Today we celebrate the Fifth Sunday of Lent. In ten days, we will follow Jesus as he enters his passion. How are you doing? Are we ready? As I was putting this reflection, together a phrase kept repeating in my mind and heart, and I am sure you have heard it before.
If not now, when?
The first reading and the gospel have a time element in them. In the first reading from Jeremiah, it starts with the verse, “the days are coming says the Lord when I will make a new covenant with the house of Israel and the house of Judah”.
In the gospel from John, Jesus says, “The hour has come for the Son of Man to be glorified” and later says, “Now is the time of judgment on this world; now the ruler of this world will be driven out”.
We go from days, to hours, to right now. We know the events that are to take place. Jesus is going to suffer, be crucified, die, and be raised from dead to take away our sins and open heaven to all who believe in Him, and the Father who sent him. He is the new covenant mentioned in Jeremiah.
As I mentioned, something is going to happen soon. Are we ready?
To be ready, we must follow Jesus. We must die to ourselves. If we do not, what fruit can we bear? We remain just a grain of wheat, as Jesus tells us. Have you ever planted seeds for a garden or a flower bed? As one of thirteen kids growing up in Wisconsin, we always had a large garden. Our dad taught us what to do, and then my siblings and I were responsible to plant, water and harvest it. We had to plan where all the plants would go, to make sure there was room for everything. We had to prepare the land first, getting rid of any weeds and loosening the soil. Once we planted, we had to watch and remove any weeds that could affect the plants. If rain was scarce, we had to water the plants to keep them alive. As we picked the vegetables, we offered some to neighbors and friends. Although it took time and effort to maintain it, the food always tasted great and was well worth the hard work.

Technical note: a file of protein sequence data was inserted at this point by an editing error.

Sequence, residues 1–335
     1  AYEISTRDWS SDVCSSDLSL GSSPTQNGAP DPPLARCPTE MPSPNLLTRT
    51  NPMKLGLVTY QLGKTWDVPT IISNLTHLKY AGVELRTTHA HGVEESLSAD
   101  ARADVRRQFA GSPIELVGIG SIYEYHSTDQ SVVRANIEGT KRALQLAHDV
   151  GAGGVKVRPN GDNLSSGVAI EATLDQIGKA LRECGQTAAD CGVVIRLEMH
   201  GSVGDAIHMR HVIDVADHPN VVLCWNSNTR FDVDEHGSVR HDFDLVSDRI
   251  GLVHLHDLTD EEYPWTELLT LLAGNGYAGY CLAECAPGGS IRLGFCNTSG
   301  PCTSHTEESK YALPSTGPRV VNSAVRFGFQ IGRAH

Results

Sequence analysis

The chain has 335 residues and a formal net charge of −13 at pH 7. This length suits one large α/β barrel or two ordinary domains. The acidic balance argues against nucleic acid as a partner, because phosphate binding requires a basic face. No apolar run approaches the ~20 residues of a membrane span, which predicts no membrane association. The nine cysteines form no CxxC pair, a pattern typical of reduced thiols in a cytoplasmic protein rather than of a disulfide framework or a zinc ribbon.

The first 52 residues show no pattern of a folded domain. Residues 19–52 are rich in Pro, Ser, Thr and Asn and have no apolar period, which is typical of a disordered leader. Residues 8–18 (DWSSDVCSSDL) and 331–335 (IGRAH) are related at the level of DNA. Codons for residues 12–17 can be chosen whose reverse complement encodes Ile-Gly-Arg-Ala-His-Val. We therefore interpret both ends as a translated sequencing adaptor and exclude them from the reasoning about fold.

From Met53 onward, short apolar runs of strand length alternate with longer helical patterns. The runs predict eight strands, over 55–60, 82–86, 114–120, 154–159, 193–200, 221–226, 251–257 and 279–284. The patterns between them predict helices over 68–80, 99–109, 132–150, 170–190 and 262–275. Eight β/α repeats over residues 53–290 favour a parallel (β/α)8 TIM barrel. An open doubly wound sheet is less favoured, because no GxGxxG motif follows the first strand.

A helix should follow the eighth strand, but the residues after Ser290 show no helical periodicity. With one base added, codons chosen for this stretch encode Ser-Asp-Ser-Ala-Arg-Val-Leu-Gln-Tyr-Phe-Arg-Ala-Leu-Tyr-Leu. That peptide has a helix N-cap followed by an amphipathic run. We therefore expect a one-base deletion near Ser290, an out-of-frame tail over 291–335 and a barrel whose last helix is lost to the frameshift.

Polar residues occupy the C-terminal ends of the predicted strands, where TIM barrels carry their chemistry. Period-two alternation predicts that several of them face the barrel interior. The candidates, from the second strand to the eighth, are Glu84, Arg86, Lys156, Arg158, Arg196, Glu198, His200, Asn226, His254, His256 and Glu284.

A few years ago, my wife and I purchased some vegetable seeds for a garden and did not use all of them. The extra seeds stayed in the packages for a few years, just sitting on a shelf in the basement, until we planted them. These extra seeds were “dormant”; waiting to grow and produce their “fruits”. When we finally planted them, some did not grow because we waited too long to use them.
That is how it can be for us. If we stay dormant, not willing to let go of the world’s distractions and the sin it can lead us to, how can we expect to grow in love of Jesus, accept the graces God wants to pour into us, and complete the work God has given us? As Jesus said in the Gospel, “Whoever loves his life loses it, and whoever hates his life in this world will preserve it for eternal life” (Jn 12:25). That last phrase is telling. We are not to hate our life. How can we? God gave us life, so we know it’s good. We are to hate the things of the world, we freely choose, that keeps God at a distance.